How SEPTA will use nearly $100M in new American Rescue Plan funding

With ridership down, federal funds will be key for agency to operate

PHILADELPHIA (KYW Newsradio) — Nearly $100 million in federal relief is headed to SEPTA, as the transit agency recovers from ridership losses due to the pandemic.

Standing near SEPTA turnstiles under Dilworth Park, Senator Bob Casey (D-Pennsylvania) Friday announced $96 million in emergency grants for the agency.

“These dollars come from the American Rescue Plan passed a year ago this month,” Casey said. “So it’s still helping.”

SEPTA General Manager Leslie Richards said that with ridership at less than half of pre-COVID-19 levels, the funding is essential to the transit agency’s continued operation.

“We have to figure out other revenue options now that our farebox recovery is so low,” Richards told KYW Newsradio.

“We don’t anticipate it coming back to pre-pandemic levels, especially with work-from-home options and other flex schedules that we anticipate will be the future of working.”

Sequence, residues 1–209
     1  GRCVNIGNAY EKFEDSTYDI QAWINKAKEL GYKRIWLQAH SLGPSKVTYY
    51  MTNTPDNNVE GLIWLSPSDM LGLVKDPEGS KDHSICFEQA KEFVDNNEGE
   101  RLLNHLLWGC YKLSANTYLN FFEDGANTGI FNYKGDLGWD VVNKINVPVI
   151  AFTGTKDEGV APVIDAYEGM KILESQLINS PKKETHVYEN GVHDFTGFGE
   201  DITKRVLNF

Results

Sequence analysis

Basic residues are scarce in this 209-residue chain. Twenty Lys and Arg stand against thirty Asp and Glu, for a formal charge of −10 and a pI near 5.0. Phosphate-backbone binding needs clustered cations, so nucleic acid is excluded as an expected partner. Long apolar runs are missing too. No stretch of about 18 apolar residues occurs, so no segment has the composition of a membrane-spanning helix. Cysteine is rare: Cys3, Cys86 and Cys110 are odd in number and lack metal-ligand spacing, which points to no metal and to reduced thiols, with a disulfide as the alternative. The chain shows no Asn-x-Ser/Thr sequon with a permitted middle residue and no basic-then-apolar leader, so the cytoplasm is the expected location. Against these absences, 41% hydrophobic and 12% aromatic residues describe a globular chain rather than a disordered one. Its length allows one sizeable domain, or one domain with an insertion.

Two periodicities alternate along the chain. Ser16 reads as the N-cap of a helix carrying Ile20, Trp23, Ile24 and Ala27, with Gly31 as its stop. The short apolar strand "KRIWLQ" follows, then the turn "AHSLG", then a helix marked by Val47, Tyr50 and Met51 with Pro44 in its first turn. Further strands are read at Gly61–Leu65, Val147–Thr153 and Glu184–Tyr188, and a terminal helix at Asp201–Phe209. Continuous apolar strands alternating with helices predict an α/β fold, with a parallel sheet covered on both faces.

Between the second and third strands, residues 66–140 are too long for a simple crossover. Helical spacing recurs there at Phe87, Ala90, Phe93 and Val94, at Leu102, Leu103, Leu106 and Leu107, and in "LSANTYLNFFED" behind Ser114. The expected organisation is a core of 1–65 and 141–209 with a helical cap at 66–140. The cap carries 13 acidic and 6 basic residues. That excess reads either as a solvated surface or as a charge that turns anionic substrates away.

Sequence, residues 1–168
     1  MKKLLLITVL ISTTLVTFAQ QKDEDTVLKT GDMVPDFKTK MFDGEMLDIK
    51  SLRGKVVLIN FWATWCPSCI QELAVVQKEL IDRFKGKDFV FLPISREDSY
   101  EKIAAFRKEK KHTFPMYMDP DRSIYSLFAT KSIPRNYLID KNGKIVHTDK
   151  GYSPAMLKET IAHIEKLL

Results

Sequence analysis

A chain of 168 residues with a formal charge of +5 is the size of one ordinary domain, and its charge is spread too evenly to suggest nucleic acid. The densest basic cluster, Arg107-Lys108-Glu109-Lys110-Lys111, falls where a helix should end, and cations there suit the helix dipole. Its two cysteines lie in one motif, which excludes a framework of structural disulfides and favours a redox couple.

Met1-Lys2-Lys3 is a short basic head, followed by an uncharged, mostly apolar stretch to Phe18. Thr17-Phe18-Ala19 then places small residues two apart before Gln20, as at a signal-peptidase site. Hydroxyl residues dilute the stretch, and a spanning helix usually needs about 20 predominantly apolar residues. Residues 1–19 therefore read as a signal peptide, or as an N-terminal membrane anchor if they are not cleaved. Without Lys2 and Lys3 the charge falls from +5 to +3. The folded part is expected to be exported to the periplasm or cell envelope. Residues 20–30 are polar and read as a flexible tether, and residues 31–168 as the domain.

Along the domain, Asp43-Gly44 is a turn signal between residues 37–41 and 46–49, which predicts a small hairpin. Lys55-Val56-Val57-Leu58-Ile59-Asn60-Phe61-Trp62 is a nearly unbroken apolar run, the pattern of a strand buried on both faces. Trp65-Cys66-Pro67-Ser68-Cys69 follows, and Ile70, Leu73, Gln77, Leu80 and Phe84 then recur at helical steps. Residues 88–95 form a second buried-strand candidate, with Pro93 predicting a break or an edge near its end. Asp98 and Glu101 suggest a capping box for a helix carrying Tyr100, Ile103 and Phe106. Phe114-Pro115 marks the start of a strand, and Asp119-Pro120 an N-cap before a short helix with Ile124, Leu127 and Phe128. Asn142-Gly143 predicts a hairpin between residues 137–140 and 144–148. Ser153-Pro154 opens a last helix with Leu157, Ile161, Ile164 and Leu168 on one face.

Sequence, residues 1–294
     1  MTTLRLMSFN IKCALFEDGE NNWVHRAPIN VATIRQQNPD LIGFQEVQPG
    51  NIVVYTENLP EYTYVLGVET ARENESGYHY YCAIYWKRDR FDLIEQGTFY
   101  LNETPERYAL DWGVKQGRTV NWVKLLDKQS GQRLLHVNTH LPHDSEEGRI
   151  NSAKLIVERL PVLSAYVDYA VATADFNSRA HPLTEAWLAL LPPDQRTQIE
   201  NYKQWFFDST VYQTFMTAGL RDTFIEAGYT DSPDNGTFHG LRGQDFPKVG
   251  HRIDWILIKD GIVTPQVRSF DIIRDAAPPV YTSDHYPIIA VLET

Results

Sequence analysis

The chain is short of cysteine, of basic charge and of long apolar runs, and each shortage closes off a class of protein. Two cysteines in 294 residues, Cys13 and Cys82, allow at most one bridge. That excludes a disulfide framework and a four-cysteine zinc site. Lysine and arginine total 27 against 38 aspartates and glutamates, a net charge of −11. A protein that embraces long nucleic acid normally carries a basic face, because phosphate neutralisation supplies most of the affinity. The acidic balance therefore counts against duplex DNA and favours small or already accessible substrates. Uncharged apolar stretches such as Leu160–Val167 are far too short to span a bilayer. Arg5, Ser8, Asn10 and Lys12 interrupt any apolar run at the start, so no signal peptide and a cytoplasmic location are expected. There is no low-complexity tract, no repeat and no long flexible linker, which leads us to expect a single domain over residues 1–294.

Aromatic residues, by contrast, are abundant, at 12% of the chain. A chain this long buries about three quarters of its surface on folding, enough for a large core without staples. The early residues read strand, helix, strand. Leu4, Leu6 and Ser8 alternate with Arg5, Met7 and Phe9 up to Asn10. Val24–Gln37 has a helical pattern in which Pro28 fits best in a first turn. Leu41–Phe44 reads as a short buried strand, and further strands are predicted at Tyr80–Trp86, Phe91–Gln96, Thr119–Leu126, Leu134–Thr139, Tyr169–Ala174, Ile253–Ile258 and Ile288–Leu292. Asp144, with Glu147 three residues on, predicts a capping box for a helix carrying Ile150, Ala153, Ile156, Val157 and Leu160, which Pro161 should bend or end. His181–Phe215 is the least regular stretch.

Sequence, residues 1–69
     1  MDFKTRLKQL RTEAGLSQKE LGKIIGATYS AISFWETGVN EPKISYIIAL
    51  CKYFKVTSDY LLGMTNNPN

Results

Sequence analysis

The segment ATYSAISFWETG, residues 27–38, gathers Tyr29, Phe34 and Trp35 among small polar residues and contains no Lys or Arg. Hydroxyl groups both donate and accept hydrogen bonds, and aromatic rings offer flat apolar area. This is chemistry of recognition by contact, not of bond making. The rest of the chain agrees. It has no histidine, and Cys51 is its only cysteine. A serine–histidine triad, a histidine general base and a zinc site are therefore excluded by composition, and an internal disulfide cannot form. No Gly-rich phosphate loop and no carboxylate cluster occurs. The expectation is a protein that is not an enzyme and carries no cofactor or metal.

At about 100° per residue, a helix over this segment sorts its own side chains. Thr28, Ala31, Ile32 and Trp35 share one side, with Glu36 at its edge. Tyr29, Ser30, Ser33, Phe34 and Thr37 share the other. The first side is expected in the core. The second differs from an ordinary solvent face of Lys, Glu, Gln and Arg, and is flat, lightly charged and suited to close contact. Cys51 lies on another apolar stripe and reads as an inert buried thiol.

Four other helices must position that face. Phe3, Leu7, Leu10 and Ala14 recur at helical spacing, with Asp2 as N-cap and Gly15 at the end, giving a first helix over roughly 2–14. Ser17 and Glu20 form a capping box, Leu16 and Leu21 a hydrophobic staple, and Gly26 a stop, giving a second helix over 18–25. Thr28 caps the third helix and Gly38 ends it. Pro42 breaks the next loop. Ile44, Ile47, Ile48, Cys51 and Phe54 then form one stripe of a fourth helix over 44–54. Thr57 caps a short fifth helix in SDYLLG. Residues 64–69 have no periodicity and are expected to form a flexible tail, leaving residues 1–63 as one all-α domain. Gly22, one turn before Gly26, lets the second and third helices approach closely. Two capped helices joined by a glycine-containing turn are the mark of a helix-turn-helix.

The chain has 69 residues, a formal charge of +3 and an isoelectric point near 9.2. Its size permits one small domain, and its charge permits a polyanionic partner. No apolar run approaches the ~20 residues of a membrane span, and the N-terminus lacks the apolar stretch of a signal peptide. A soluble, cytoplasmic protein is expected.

Before the pandemic, SEPTA received 37% of its revenues from the farebox.  It’s less than 20% now.

Richards said the federal grant will help the transit agency to maintain operations as new ridership patterns play out.

“We are predicting increases in weekend needs. We’re anticipating increased needs during the day, in how people are using our service,” said Richards.

“All of this time is extremely helpful to give us a couple of years to figure this out before the federal funding runs out.”

Richards said the money will be used for operating expenses including hiring outreach workers to address the homeless population, and new “guides” to ride the system.

Representatives Mary Gay Scanlon (D-Philadelphia, Chester, Delaware and Montgomery counties) and Chrissy Houlahan (D-Chester, Berks counties) accompanied Casey for the announcement.

“This is a good investment of $96 million by the United States of America, but it’s not the end,” Casey said. “We’re going to be coming back to talk to you in the months ahead about the infrastructure bill,”

Richards said SEPTA would use money from the federal infrastructure bill to pay for capital projects including system repairs and making stations more accessible.

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Featured Image Photo Credit: Mike DeNardo/KYW Newsradio